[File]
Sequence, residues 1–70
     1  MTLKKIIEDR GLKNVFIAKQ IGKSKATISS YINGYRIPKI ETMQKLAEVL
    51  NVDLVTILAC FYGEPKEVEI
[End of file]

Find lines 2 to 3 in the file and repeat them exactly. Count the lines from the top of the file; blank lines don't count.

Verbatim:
     1  MTLKKIIEDR GLKNVFIAKQ IGKSKATISS YINGYRIPKI ETMQKLAEVL
    51  NVDLVTILAC FYGEPKEVEI